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Luka Doncic’s usage rate doesn’t bode well for the Dallas Mavericks

Doncic is making history, but the type that doesn’t usually end with a championship.

Washington Wizards v Dallas Mavericks Photo by Glenn James/NBAE via Getty Images

Luka Doncic does a lot of heavy lifting for the Dallas Mavericks. He leads the team in points, assists, steals, and free throw attempts per game. He’s second in rebounds, trailing only Kristaps Porzingis. His usage rate is almost 36%, and shows no sign of decreasing anytime soon.

The weight of that much responsibility is clearly showing. Doncic doesn’t have the same lift lately. His 3-point shooting percentage has fallen off in the last month, shooting just below 32% from behind the arc in April. This comes on the heels of shooting a scorching 43% from deep in the month of March. But more than any statistic, there seems to be less joy in Doncic’s play lately.

It’s the end of the year, and everyone is worn out. The grind of the season wears down even players who are in top shape. But it must be even harder for Doncic, who the Mavericks rely on almost every possession he’s on the floor. The Dallas offense starts and ends with Doncic. There’s very few plays that are run with him as a second option, or as a spot up shooter in the corner. He’s the engine that makes this team run. If Doncic is on the court, he’s either taking a shot or setting someone else up for one.

Historically, that’s not great.

Doncic’s usage rate this season is the 16th highest in a single season in NBA history. This is coming off of last year, when his 36% usage rate was the eighth highest in a single season in NBA history. The other names surrounding him on the list? Allen Iverson, James Harden, Kobe Bryant, and Michael Jordan, among others. It’s great company to share.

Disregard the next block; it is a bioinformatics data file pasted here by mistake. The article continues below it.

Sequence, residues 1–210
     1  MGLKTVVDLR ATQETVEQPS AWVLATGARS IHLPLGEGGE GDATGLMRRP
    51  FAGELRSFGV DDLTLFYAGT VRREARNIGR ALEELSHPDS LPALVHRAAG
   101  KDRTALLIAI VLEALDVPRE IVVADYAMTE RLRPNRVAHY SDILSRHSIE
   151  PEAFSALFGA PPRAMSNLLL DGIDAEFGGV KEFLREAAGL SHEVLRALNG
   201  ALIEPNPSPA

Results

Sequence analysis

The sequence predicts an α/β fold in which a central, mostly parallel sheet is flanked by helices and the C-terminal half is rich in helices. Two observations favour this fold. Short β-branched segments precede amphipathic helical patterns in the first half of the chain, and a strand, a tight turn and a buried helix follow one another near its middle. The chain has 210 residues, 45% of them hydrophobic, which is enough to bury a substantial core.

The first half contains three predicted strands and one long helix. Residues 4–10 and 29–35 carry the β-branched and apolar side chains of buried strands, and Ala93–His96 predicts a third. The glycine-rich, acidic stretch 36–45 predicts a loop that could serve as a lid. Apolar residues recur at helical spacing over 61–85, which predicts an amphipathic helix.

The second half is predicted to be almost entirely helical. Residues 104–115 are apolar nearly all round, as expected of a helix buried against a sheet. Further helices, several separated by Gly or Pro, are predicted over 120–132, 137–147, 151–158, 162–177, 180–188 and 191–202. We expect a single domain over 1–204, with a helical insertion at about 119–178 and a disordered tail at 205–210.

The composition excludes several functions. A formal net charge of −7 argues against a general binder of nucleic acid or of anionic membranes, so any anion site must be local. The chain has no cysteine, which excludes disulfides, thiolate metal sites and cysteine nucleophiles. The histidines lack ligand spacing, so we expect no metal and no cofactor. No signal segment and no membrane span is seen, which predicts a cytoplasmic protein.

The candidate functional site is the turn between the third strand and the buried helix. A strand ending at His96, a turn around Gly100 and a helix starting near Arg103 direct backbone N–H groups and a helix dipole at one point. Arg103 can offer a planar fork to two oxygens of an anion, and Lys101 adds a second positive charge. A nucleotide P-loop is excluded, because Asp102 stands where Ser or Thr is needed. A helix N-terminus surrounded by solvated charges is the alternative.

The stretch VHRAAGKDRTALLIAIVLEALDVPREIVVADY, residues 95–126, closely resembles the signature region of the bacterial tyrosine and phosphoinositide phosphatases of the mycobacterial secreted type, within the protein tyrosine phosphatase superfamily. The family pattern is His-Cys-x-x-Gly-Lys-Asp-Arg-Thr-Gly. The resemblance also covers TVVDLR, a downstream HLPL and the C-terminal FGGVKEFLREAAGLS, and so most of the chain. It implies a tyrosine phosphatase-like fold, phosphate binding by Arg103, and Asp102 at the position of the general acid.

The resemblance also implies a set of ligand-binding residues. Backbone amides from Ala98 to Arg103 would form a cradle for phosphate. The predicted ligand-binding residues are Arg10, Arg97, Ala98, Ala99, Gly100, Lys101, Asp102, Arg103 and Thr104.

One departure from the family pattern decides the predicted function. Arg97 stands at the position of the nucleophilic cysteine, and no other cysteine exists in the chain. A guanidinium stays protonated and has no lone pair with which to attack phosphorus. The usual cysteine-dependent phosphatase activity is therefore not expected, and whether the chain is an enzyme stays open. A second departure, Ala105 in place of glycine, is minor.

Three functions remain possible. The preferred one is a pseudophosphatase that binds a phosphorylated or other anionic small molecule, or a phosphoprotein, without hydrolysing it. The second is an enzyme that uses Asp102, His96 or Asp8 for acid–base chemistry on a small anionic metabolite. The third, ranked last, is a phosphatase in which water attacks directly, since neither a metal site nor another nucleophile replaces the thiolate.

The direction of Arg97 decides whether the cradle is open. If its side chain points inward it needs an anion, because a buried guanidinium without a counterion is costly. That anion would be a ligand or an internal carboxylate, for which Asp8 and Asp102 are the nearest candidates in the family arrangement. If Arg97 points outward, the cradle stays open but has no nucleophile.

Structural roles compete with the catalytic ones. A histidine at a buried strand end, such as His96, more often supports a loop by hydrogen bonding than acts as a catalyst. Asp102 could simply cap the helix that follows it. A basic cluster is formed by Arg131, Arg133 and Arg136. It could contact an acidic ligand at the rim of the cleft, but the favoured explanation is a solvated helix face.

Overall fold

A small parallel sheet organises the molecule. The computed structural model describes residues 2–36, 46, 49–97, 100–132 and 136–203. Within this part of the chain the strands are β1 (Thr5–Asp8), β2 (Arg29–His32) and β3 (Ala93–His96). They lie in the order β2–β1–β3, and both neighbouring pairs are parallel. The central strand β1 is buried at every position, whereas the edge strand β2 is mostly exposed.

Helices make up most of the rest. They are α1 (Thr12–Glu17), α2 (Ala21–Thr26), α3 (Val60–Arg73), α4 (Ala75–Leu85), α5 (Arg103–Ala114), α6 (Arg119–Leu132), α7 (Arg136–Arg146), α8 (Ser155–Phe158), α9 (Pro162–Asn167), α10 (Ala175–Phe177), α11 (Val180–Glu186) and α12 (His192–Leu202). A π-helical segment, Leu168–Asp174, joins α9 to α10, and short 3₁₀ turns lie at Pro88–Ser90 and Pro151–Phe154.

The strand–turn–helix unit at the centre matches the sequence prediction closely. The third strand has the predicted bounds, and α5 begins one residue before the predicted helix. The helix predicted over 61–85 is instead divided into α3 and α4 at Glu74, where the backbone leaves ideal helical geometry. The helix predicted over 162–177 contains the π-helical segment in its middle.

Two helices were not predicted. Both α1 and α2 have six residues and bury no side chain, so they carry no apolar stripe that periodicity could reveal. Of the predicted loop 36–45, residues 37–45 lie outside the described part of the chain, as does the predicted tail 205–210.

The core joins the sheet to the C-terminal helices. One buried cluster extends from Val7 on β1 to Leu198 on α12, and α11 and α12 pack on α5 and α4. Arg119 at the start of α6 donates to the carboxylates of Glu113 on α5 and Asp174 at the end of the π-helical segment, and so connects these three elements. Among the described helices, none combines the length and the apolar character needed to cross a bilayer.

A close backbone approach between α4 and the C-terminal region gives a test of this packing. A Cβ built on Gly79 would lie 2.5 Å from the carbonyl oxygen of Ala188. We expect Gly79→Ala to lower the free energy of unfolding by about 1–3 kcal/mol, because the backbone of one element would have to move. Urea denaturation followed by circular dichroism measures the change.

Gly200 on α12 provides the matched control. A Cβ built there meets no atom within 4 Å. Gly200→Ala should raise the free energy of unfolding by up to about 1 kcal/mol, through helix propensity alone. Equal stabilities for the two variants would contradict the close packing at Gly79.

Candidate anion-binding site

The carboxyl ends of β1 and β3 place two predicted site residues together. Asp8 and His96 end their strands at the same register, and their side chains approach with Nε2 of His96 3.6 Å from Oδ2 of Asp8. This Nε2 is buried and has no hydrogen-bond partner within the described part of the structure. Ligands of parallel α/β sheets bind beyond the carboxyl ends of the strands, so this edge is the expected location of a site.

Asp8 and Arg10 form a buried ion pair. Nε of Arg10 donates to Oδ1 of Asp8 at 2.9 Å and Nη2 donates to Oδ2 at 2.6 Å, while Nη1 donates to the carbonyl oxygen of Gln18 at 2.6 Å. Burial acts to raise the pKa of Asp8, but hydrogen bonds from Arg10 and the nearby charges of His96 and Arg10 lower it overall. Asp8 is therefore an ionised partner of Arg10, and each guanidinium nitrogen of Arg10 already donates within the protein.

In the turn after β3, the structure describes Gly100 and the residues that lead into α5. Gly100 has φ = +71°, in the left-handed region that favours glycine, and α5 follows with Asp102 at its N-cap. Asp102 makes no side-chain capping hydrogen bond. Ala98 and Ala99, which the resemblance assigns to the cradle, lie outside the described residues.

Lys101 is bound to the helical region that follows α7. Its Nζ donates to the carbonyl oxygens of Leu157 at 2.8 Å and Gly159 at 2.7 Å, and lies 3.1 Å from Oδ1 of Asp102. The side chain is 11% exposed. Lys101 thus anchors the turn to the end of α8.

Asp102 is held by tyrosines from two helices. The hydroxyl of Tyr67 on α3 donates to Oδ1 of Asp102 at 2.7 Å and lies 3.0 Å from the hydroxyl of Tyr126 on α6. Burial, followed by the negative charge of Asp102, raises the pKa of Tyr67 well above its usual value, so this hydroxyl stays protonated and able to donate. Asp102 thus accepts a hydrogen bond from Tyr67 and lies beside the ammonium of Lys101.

The only problem is no one with a usage rate that high has ever won a championship. In fact, it’s not until you reach the 34th highest usage rate for a season that you find a player that won a championship in the same year—Michael Jordan in 1992-93. And then you have to go another 17 spots down to find another champion with a high usage rate—Jordan again, in 1997-98. It’s easy to see where this is heading.

Teams don’t win a championship with a single playmaker. It’s just too much responsibility for a single person, especially once the playoffs roll around. Even a high level player like Kristaps Porzingis doesn’t help (if he’s even available to play), because he can’t create offense on his own. He’s reliant on other players to set him up to score, except on inefficient post ups.

This season, someone else on the perimeter will have to step up if the Mavericks are going to buck the trend of history and make noise in the playoffs. But as of now it doesn’t look like there’s anyone who can do that. Dorian Finney-Smith can’t make plays off the dribble consistently. There was thinking Josh Richardson could dribble-penetrate and make plays when the Mavericks traded for him in the offseason, but so far that hasn’t been the case. Jalen Brunson has the second-highest assists per game on Dallas, but only a paltry 3.7 per game. Brunson looks to score when he gets the ball.

A second playmaker to take the burden off of Doncic has to be a priority for the Mavericks this season. Otherwise, Doncic will continue making a historical list, but not one the Mavericks or any fans will want to see him on.